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Triple By-election Bonanza proves disastrous for both Sunak and Starmer

Conservatives lose two by-elections; Labour fails to win Johnson’s former seat; Lib Dems win big in Southwest England

By Cameron Greer

Photo by Element5 Digital on Unsplash

DISASTER struck in the early hours of Friday morning for Prime Minister Rishi Sunak, but also unexpectedly for Leader of the Opposition Keir Starmer. The triple by-election fixture saw a victory each for the Conservatives, Labour and Liberal Democrats.

Triggered by the resignation of Boris Johnson and two of his allies, the by-elections in Somerton and Frome, Selby and Ainsty and Uxbridge & South Ruislip were always going to be a test of how Conservative Prime Minister, Rishi Sunak, was doing in his role; but it was Keir Starmer who ended up failing his test.

While Labour was able to defeat the Conservatives in Selby and Ainsty, overturning a 20,000 majority, they failed to take down the Conservatives in Uxbridge & South Ruislip - the disgraced former Prime Minister, Boris Johnson’s, seat.

Their failure to win this seat, which in theory should have been an easy win, shows multiple things and has multiple causes. The main causes are the national attitude towards the Conservatives and Labour and the London Ultra Low Emissions Zone (ULEZ).

First, it’s obvious that the national opinion of the Conservatives has turned sour. Their polling is in the dumps, the government has run out of legislative ambition and over 40 MPs are standing down at the next election. People are unsurprisingly turning to Labour, who, through the current voting system, are the natural alternative - however they might not be doing as well as expected.

Keir Starmer’s strategy of taking Labour back to the centre and adopting some Tory policies to win over Conservative voters has proven extremely unpopular with Labour members, progressive voters and others, and the party’s several U-turns isn’t helping.

The most unpopular move so far has been to pledge to keep the two-child benefit cap, which has pushed tens of thousands of children into poverty. Not only is this strategy alienating their traditional voter base, it also makes the party seem untrustworthy and lacking in principles.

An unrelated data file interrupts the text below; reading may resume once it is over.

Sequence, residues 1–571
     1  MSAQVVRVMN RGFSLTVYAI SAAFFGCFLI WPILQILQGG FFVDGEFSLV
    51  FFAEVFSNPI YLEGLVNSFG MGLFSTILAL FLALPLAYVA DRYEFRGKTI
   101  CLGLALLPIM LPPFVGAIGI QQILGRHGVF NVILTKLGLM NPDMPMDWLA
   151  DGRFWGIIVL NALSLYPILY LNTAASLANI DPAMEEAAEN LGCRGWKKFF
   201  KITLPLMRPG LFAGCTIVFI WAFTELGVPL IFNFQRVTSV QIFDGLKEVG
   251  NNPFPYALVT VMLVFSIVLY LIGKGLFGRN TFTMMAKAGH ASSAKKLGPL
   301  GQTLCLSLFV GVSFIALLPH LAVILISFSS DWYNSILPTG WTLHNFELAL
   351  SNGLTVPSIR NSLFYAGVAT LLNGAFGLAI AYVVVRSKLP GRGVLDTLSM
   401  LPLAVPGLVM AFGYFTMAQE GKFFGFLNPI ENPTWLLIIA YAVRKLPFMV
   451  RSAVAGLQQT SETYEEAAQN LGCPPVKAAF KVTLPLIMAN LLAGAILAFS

The second cause is the ULEZ, which is a solely local issue. London Labour introduced the ULEZ, which is unpopular with drivers but popular with environmentalists. The Tory campaign capitalised heavily on this issue, to the detriment of Labour.

Another worry for Labour is the success of the Liberal Democrats in England. They managed to win the by-election in Somerton and Frome, overturning a majority of 19,000 and establishing an 11,000 majority. The worrying thing for Labour in this is that they came in at a measly 2.6%, behind Reform UK and the Greens.

This may show voters that the Lib Dems prove to be a stronger competitor to the Conservatives than Labour in rural southern seats. The Lib Dems produced a swing towards them from the Conservatives bigger than the overall Conservative vote share, while Labour couldn’t even win the seat of a deeply unpopular former Tory MP with a majority of 7,000.

The real test of this Labour vs Lib Dem theory will be in the Mid Bedfordshire by-election. Labour came in second in 2019, but it’s the type of seat where the Lib Dems can thrive, much like North Shropshire. However, Labour is unlikely to stand aside for the Lib Dems this time around.

Another test for Labour will be the potential Rutherglen and Hamilton West. This will be a test for how Labour can perform in their old heartlands in Scotland’s Central Belt and take votes away from the SNP. Will Labour be able to take hold, or will they fumble it like they did in Uxbridge?


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